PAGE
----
Sigma® C7078 casein, Isofar® 744 urea, Merck® A596117611 ammonium sulphate, and Biobrás® soy peptone were used as nitrogen sources in this study. In treatments involving urea supplementation, an urea:ammonium sulphate mixture was used at 9:1 ratio. The inclusion of ammonium sulphate was done to provide sulphur as precursor for sulphurous amino acids synthesis.

Basal medium (28 mL) was added to the flasks under constant CO2 flow to maintain an anaerobic environment. Seven millilitres of the inoculum were added and the flasks were sealed immediately and incubated at 39ºC under orbital agitation (70 rpm). Fermentation gases were removed from the batch cultures every three hours.

After 24 hours of incubation, the flasks were opened under an atmosphere of CO2 and the content (7 mL) was used to inoculate a second batch culture. The treatments of the first incubation were maintained. This procedure was performed successively until the fourth transfer to select for microorganisms utilizing a particular source of energy and nitrogen.

MRS media was used for the selective plating of LAB (De Man et al., 1960; pH 5.4). The culture medium was prepared anaerobically and transferred into flasks sealed with rubber stoppers and aluminium seals. Subsequently, the medium was poured into polyethylene petri plates (90 × 15 mm) in an anaerobic chamber (COY Laboratory Products Inc., Grass Lake, MI, USA) under an atmosphere of CO2 and H2 (95:5) at 39ºC.

The inoculum resulting from the third and fourth transfers was successively diluted in sodium phosphate buffer (5 mM, pH 6.5), with dilutions ranging from 10-1 to 10-8. Next, 100 µL of each dilution was spread on the surface of MRS medium (pH 5.4). The batch cultures were removed from the anaerobic chamber and the pH was verified by a digital potentiometer. After 48 hours of incubation, the plates were removed from the anaerobic chamber and colony-forming units per mL were determined (CFU/mL).

To detect the presence of antimicrobial substances that could inhibit microbial growth, the occurrence of inhibitory activity among LAB obtained in the previous procedure was evaluated.

LAB colonies that grew on the plates used for enumeration were transferred to microcentrifuge tubes containing 1 mL of fresh MRS medium (pH 5.4) and incubated at 39ºC for 24 hours. Micro drops of these LAB cultures (5 µL) were spread onto plates containing solid MRS medium (pH 5.4) and incubated for 24 hours at 39ºC. After 24 hours, the LAB colonies were overlayed with the indicator organism and the plates were incubated for 12 hours at 4ºC to allow diffusion to occur.

Lactococcus lactis and Ruminococcus albus were used as indicator organisms. L. lactis was cultivated in MRS medium (pH 6.8) and R. albus was cultivated in "Caldwell and Bryant" modified PPB medium (Atlas, 2005). The medium contained, per litre, 4 g of glucose, 2 g of trypticase, 2 g of yeast extract, 150 mL of clarified rumen fluid, 292 mg of K2HPO4, 480 mg of (NH4)2SO4, 480 mg of NaCl, 100 mg of MgSO4.7H2O, 64 mg of CaCl2.2H2O, 4 g of Na2CO3, 25 mg of cysteine, 5 mg of hemin, 177 µL of acetic acid, 63 µL of propionic acid, 31 µL of butyric acid, 11 µL of valeric acid, 11 µL of isovaleric acid and 11 µL of isobutyric acid.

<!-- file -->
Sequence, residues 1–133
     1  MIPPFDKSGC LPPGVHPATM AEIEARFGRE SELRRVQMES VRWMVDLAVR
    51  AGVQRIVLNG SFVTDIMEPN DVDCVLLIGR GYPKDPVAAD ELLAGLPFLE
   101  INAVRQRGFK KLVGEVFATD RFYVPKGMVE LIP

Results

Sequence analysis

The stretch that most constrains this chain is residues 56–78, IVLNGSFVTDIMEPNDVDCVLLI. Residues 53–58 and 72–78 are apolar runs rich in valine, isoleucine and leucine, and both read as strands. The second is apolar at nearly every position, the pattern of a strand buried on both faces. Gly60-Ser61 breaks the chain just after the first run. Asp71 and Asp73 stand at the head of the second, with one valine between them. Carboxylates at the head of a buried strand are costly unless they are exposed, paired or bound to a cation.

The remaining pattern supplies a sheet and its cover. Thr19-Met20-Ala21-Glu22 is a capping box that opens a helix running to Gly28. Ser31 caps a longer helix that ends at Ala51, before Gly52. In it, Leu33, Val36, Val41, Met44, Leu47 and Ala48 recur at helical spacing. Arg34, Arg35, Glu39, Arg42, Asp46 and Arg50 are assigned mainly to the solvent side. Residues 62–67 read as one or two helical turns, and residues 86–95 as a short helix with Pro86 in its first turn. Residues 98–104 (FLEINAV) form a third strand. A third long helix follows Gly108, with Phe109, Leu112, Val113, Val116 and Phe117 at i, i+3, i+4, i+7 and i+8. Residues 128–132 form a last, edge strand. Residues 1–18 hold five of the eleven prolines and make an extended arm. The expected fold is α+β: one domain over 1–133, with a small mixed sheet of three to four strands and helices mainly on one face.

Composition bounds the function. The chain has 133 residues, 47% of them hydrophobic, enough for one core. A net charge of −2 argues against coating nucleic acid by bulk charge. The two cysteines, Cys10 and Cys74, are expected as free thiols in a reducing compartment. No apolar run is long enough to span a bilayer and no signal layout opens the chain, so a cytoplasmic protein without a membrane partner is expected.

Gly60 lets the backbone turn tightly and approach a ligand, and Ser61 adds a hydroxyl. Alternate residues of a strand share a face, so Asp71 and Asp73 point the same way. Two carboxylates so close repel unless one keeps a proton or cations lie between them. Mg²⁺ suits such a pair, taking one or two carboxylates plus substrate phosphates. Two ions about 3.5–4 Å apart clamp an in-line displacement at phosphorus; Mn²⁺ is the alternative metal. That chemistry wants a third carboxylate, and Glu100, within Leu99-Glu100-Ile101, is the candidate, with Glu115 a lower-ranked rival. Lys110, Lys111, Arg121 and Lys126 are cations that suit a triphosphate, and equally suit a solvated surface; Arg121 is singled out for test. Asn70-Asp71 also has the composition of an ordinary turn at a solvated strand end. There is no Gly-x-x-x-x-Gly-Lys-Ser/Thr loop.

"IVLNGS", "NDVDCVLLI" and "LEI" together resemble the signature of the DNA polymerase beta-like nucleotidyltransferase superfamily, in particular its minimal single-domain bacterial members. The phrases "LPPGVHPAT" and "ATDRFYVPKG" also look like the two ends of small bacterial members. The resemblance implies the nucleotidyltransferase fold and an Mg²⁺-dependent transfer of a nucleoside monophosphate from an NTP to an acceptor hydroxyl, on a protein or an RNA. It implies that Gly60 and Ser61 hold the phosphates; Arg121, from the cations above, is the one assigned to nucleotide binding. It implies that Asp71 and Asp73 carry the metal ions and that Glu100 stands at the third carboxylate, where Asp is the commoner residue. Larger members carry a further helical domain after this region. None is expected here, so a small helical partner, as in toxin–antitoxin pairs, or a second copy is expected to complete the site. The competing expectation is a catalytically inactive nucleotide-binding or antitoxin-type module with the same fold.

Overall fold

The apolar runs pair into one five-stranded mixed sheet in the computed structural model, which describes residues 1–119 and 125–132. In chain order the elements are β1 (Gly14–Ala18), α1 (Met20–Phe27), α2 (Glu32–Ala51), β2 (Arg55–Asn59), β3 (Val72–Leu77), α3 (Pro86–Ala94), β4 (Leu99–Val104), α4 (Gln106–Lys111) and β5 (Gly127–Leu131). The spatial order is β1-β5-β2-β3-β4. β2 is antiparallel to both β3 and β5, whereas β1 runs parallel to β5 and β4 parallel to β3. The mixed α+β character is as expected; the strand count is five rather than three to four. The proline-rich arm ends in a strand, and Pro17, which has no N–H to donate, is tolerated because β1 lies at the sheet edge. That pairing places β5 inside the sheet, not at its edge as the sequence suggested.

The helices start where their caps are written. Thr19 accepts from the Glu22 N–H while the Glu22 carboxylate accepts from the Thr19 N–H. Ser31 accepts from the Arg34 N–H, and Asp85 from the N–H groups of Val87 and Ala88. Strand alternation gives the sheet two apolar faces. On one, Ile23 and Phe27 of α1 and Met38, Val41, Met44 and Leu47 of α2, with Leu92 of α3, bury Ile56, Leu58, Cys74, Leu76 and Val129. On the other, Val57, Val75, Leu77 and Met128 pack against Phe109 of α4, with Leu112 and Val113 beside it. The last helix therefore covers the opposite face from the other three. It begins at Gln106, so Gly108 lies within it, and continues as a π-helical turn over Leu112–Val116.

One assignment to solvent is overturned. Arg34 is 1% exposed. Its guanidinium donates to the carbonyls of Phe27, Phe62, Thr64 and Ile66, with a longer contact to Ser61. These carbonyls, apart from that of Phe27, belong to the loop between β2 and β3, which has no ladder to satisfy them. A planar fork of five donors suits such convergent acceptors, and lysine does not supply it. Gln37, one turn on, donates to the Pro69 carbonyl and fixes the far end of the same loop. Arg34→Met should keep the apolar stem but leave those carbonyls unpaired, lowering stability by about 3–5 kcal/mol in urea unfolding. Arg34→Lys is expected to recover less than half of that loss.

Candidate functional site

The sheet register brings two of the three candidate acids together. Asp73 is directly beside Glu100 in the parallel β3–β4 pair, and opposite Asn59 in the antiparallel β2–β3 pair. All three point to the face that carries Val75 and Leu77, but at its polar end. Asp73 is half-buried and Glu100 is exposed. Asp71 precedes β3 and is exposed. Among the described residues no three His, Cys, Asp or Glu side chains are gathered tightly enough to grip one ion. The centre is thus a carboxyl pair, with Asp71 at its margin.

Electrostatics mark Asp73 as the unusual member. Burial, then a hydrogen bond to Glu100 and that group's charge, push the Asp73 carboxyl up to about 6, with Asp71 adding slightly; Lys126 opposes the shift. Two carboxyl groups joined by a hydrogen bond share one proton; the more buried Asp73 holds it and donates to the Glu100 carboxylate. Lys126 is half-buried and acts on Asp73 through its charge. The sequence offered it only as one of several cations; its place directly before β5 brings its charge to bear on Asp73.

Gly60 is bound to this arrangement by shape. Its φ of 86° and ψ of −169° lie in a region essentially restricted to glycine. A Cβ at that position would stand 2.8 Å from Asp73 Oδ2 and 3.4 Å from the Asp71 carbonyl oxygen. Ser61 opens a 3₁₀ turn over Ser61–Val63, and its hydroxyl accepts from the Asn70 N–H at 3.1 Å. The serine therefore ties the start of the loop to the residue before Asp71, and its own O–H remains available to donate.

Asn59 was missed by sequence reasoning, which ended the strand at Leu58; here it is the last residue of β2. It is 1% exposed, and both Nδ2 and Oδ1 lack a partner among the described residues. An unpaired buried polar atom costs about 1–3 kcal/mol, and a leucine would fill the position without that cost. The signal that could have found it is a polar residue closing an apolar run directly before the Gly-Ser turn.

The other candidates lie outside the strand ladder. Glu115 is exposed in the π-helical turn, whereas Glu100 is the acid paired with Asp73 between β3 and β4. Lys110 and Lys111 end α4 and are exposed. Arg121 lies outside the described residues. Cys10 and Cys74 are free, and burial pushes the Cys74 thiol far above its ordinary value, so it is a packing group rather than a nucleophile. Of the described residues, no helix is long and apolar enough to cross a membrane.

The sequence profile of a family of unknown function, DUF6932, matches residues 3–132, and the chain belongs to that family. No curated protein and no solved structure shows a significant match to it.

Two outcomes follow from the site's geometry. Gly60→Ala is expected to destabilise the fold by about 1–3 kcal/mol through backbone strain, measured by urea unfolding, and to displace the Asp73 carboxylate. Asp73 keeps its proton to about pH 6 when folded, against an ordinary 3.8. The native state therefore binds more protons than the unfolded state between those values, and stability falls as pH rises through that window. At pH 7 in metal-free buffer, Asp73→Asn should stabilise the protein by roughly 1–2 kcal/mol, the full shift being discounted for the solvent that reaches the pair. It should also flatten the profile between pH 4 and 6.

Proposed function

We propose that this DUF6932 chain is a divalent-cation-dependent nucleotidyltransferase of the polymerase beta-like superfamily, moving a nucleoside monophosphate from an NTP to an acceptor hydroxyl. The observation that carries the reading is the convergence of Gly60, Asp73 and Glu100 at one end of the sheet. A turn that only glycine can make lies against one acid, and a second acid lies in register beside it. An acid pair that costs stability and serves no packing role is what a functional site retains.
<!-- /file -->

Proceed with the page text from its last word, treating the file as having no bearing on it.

After the diffusion period, the plates were incubated for 24 to 48 hours at 37ºC and 39ºC for L. lactis and R. albus, respectively.

To evaluate the antimicrobial activity in the supernatants of the isolated cultures, it was used the agar diffusion method described by Tagg et al. (1976). Samples of the supernatant from each culture (25 µL) were applied to 5-mm diameter agar wells. The media contained 106 CFU/mL of the indicator microorganism (L. lactis).

Incubation procedures were repeated four times. The data were evaluated for normality and homoscedasticity, according to the tests of Lilliefors and Bartlett, respectively (α = 0.05). However, the LAB enumeration was not found to follow these basic assumptions (P<0.05) and it was transformed based on a decimal logarithm scale. After the transformation, the conditions of normality and homoscedasticity were verified (P>0.05).

The data were subjected to analysis of variance according to a randomized block design, where the incubations were considered blocks, and analysed in a 2 × 4 factorial arrangement (two sources of energy and fou\r sources of nitrogenous compounds), according to the model:

where µ = the general constant, Ei = the effect of energy source i (fixed), Nj = the effect of nitrogenous compounds source j (fixed), ENij = the interaction of energy source i and nitrogenous compounds source j (fixed), Bk = the effect of block or incubation replicate j (random), and Εijk = the random error supposed to be normally and independently distributed with average 0 and variance Σ².

When necessary, means were compared by using Tukey test. All statistical procedures were conducted assuming α = 0.05.

Results and Discussion

There was no interaction effect between energy and nitrogen sources (P>0.05).

After three transfers, LAB growth was favoured (P<0.05) when starch was used as energy source in comparison to cellulose (Table 2). Sources of protein (soy peptone and casein) stimulated the growth of LAB (P<0.05) when compared to urea (Table 2).

The pH was not affected by the energy source (P>0.05); however, the inclusion of urea resulted in increased pH (P<0.05) when compared to other sources of nitrogen (Table 2).

After the fourth transfer, LAB growth was favoured (P<0.05) when starch was used as an energy source (Table 3). As in the third transfer, the protein sources stimulated the growth of LAB (P<0.05) whereas urea provided a LAB concentration similar to the control (P>0.05) (Table 3).